After years of preparation, planning, and up-at-dawn training for countless hopefuls, the London 2012 Olympic Games has finally come and gone. The Games were particularly important for watch giant OMEGA, who once again undertook the crucial role of official timekeeper, making it 25th time in eighty years since they first timed the 1932 Olympic Games in Los Angeles. Timing is critical for athletic endeavours, without measuring time to one tenth of a second, world records would not be the same. The chronological prowess of OMEGA will be key in deciding a lifetime's worth of focus, pain, and dreams. For those athletes destined for a glory afforded to so few, timing is everything.
This long-standing experience with the Games has meant OMEGA has gone from strength to strength in developing the unique equipment required to time sprinters, swimmers, horse riders, rowers and every Olympic and ParaOlympic sport to grace the Games.
For over a year now we've become used to seeing the countdown clocks in Trafalgar Square, Stratford and Greenwich. For OMEGA this was simply the beginning of their involvment in the 2012 Games. The 1948 games saw the landmark introduction of modern sports timekeeping, as OMEGA's CEO Stephen Urquhart explains: "In 1948, the last time the Olympic Games were held in this city, OMEGA was responsible for timing each discipline in every sport. That edition of the Games is remembered for the technological milestones in timekeeping: the photoelectric cell, our fully-automated timing system and the first photofinish camera ever used at an Olympic Games".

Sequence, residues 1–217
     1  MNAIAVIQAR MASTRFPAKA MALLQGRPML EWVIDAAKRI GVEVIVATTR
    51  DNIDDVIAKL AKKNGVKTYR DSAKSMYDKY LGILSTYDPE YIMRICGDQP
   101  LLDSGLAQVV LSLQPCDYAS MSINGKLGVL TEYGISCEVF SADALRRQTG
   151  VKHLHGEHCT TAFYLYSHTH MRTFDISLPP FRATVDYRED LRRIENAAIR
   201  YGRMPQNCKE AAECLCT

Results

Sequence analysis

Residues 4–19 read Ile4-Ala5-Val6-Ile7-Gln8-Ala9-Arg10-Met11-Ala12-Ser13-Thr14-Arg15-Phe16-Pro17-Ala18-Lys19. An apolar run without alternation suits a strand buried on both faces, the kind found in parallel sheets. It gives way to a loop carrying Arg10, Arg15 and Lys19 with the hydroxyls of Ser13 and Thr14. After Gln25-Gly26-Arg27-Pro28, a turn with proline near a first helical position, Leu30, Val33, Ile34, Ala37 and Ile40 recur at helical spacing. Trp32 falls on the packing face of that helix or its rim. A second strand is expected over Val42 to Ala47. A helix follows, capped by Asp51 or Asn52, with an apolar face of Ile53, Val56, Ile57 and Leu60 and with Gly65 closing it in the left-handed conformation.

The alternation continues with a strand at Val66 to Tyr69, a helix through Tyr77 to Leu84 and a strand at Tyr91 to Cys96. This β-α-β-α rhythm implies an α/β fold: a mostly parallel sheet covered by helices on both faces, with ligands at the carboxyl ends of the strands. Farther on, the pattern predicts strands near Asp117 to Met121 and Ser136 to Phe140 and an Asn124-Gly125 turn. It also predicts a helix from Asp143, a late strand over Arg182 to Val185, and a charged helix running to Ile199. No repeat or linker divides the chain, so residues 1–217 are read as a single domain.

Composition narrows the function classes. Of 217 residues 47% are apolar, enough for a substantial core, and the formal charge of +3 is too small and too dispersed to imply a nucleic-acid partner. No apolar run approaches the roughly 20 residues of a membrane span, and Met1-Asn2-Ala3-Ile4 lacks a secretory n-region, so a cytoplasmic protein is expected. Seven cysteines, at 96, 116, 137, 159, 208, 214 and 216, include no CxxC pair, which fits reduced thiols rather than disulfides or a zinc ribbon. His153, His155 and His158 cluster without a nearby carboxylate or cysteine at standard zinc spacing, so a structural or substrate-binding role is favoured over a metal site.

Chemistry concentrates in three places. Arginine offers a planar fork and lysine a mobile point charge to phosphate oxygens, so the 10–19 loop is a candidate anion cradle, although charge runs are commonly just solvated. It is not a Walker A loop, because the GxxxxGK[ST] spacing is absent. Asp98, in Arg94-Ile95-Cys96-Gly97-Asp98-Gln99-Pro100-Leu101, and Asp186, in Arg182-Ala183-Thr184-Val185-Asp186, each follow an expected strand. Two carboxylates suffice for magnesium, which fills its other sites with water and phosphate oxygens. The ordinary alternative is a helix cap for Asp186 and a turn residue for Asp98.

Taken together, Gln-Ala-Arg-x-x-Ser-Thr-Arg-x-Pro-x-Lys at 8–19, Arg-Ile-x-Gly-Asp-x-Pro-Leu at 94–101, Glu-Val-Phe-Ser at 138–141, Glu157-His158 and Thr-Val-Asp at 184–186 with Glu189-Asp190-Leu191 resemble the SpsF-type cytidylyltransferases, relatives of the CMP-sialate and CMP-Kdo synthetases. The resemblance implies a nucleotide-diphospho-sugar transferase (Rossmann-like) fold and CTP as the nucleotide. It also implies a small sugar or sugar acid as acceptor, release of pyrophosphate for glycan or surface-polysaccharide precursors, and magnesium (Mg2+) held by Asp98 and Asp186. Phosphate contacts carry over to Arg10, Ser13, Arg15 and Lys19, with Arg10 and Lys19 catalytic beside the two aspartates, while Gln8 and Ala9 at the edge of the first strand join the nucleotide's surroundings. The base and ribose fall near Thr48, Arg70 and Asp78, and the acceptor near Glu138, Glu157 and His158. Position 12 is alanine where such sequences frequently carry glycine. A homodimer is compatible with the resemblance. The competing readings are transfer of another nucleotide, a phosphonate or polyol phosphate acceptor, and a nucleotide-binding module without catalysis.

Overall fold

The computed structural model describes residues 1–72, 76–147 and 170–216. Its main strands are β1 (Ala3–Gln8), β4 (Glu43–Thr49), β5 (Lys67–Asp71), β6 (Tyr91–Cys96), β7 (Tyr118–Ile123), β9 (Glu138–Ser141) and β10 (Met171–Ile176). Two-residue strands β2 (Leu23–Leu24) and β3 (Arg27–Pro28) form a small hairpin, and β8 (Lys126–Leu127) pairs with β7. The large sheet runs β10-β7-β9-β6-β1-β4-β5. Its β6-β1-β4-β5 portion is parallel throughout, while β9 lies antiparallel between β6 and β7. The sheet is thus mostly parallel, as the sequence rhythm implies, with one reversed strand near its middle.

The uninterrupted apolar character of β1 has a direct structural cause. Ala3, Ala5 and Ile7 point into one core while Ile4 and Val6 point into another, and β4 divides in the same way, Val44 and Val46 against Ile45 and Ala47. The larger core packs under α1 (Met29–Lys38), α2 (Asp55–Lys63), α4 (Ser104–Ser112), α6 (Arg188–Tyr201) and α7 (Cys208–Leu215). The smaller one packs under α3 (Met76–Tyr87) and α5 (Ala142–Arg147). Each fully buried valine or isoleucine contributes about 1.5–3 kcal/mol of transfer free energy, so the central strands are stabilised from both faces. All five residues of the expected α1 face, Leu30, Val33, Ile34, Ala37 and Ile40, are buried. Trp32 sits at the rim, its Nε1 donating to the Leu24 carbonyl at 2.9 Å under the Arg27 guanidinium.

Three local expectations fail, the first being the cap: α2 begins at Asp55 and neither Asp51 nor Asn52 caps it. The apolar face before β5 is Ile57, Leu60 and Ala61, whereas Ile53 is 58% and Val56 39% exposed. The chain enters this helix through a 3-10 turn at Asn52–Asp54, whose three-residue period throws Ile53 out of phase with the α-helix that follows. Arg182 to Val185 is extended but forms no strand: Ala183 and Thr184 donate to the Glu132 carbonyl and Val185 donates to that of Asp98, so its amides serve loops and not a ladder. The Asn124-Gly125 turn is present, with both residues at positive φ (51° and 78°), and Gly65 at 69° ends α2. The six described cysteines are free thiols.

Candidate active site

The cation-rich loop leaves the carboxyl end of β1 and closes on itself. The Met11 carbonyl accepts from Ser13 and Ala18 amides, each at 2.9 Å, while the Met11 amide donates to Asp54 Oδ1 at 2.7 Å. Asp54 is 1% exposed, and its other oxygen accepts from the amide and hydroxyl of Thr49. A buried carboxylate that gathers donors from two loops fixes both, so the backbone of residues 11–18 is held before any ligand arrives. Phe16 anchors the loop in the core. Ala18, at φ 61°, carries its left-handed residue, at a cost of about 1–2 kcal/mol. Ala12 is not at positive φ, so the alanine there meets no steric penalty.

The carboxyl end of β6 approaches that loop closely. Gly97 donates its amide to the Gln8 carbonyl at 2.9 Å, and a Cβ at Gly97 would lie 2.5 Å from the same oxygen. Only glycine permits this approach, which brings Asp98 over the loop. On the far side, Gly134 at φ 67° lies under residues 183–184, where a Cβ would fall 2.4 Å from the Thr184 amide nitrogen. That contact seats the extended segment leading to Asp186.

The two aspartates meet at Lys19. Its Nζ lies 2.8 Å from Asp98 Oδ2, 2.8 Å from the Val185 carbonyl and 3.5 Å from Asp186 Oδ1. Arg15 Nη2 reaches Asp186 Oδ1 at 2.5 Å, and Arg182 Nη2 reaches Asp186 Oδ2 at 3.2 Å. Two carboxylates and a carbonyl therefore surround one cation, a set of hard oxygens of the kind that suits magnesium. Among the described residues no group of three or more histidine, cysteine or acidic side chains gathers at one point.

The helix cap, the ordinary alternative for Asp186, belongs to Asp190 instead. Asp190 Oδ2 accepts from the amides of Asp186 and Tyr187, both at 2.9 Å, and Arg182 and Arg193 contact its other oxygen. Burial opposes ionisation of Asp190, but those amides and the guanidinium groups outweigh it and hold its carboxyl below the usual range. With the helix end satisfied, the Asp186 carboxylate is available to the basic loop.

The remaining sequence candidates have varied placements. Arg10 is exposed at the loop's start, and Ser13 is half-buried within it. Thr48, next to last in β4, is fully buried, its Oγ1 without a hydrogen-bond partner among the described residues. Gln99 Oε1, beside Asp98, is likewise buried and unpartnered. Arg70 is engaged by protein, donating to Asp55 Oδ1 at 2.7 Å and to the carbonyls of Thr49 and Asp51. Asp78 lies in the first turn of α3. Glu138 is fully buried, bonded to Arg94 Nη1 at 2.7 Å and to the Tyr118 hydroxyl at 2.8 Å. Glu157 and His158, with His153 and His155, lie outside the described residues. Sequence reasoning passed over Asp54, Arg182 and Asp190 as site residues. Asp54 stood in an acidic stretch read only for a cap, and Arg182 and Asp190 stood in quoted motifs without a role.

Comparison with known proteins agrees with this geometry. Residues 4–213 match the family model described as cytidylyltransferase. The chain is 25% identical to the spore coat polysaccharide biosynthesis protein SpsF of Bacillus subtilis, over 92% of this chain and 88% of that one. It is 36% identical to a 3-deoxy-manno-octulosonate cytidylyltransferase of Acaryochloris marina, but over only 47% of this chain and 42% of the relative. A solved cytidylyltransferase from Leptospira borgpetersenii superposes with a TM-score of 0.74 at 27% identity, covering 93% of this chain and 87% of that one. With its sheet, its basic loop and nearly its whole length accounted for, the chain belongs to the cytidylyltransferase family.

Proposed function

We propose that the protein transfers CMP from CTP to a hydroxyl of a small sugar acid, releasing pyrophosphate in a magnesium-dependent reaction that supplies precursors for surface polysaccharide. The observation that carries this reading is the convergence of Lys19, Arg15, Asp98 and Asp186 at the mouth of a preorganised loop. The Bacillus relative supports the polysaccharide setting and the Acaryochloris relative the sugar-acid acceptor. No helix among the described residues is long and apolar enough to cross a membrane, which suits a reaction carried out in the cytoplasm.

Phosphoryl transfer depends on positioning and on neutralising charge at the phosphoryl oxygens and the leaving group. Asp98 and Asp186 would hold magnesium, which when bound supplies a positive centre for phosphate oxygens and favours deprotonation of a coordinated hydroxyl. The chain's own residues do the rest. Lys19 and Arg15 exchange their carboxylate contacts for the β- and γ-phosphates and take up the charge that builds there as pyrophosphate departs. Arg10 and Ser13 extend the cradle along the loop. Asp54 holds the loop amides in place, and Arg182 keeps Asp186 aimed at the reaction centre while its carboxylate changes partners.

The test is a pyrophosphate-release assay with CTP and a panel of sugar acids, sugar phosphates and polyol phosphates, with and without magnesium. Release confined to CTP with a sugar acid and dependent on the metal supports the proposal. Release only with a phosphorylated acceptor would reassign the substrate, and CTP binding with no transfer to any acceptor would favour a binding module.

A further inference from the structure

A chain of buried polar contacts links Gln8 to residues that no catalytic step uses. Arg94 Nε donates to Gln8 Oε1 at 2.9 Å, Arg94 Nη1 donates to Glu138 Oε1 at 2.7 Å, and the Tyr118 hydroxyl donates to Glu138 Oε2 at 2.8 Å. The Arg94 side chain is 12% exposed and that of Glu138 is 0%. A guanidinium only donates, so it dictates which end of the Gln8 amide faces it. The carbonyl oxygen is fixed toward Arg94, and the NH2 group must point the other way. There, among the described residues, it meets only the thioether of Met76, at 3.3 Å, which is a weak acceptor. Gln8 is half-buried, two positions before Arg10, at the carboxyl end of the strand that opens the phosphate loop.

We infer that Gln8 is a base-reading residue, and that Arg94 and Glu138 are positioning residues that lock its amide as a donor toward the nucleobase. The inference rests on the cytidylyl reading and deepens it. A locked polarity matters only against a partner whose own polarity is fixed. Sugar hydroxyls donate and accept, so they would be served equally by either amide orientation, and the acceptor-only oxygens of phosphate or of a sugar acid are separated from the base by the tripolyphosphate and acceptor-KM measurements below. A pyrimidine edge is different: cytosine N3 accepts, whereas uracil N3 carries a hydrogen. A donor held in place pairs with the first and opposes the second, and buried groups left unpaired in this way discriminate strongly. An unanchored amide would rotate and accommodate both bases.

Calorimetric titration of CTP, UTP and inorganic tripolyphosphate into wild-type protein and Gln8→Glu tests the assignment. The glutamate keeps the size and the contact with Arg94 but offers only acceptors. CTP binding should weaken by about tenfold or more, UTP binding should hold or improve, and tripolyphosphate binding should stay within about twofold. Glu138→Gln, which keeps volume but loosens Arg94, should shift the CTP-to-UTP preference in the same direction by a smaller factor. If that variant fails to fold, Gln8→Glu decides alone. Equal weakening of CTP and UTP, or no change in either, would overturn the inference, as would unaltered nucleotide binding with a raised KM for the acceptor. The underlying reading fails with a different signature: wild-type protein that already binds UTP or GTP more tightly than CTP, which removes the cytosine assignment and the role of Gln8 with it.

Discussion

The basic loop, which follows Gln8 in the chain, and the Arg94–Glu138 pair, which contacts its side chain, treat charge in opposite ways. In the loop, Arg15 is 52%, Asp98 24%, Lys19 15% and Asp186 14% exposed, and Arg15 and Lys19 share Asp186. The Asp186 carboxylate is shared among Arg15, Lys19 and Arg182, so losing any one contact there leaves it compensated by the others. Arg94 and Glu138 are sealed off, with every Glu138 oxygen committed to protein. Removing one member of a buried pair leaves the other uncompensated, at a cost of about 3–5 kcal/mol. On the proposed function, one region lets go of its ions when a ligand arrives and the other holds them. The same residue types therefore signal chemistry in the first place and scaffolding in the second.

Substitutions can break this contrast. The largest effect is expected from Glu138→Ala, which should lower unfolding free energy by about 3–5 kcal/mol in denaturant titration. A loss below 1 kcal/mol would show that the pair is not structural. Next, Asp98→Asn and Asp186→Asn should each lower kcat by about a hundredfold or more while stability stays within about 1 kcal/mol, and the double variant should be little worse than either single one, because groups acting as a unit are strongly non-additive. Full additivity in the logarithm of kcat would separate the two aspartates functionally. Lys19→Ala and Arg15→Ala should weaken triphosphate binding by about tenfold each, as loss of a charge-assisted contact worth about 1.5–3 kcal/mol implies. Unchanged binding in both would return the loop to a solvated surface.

There are so many timekeeping advances with the Games that we watch today that many now take for granted. Even something as basic as the starting block has been revolutionised by OMEGA. Before 1948, legends such as Jesse Owen would dig their feet into the track for starting traction. Nowadays, OMEGA are ensuring identical starting conditions for every competitor with a brand new set of blocks. Each one can detect the reaction times of every runner automatically, be it a novice with Olympic dreams or human blurs like Usain Bolt. Likewise, the starting pads for swimmers are race-changing pieces of equipment. They were intorduced at the Mexico City Olympics in 1968, and have been present at every Games since.
Instead of the quaint idea of an Olympic official brandishing an old-fashioned Smith & Wesson to start races, the reality is far more fascinating and much more appropriate. New starting pistols ensure that each competitor is given equal chance of that quick start: the sound is reproduced near each of the competitors, ensuring they each hear it at the same time. And of course bullets or powder are nowhere to be seen, instead a light flash triggers a pulse that instantaneously starts the timing device, while that familiar sound is pre-recorded and played over speakers.
Despite all of the countless Olympic innovations they have seeded, London 2012 saw OMEGA bringing even more specialised equipment developed by a special team in Switzerland. As well as their new Open Water Gate system for marathon swimmers, OMEGA have introduced the Quantum Timer and the Quantum Aquatics Timer. The resolution of one millionth of a second makes them 100 times more precise than previous devices. Made up of sixteen independent clocks it means that sixteen individual running times can be implemented and communicated for the athletes, teams, viewers worldwide, and the timekeepers themselves.
With technology such as this, ambassadors like gold medal-winner Jessica Ennis, and London 2012 editions of their legendary Seamaster Aqua Terra, OMEGA truly brought the games back to London with elan and of course, absolute precision.
Read about Omega at the Rio 2016 Olympics